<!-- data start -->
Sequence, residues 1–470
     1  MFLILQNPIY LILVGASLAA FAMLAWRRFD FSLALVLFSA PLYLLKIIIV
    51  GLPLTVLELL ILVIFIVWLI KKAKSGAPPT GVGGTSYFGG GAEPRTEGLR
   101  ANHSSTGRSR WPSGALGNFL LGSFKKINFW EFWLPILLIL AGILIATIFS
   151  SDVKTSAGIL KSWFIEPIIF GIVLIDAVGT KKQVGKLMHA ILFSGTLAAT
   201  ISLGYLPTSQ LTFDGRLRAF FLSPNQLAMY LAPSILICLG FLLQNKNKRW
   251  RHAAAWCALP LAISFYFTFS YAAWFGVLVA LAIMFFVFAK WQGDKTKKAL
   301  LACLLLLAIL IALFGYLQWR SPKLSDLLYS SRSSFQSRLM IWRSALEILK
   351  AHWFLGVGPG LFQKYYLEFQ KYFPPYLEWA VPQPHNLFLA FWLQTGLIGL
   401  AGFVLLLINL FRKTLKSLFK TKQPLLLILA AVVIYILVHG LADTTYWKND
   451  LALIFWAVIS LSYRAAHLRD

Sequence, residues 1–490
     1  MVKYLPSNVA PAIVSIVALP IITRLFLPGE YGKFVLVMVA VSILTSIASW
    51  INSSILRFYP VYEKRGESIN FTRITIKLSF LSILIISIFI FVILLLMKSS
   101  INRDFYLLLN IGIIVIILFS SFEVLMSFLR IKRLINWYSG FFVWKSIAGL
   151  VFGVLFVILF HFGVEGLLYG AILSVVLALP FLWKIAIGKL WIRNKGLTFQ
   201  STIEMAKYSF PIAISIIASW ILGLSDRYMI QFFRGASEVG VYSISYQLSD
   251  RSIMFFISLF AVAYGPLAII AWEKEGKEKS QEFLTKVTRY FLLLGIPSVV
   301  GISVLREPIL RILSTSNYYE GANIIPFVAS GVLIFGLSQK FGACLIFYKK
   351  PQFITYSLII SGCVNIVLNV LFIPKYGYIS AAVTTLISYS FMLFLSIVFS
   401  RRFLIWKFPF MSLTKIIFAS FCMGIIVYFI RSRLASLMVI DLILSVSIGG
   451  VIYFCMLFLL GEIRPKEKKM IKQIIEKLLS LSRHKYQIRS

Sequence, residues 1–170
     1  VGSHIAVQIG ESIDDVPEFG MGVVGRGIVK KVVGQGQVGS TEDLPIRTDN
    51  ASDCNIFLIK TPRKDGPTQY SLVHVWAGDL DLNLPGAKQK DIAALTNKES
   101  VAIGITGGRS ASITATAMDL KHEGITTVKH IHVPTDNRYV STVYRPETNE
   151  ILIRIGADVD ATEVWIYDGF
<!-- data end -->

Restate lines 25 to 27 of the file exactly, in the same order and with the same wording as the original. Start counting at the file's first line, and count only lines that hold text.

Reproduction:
    51  ASDCNIFLIK TPRKDGPTQY SLVHVWAGDL DLNLPGAKQK DIAALTNKES
   101  VAIGITGGRS ASITATAMDL KHEGITTVKH IHVPTDNRYV STVYRPETNE
   151  ILIRIGADVD ATEVWIYDGF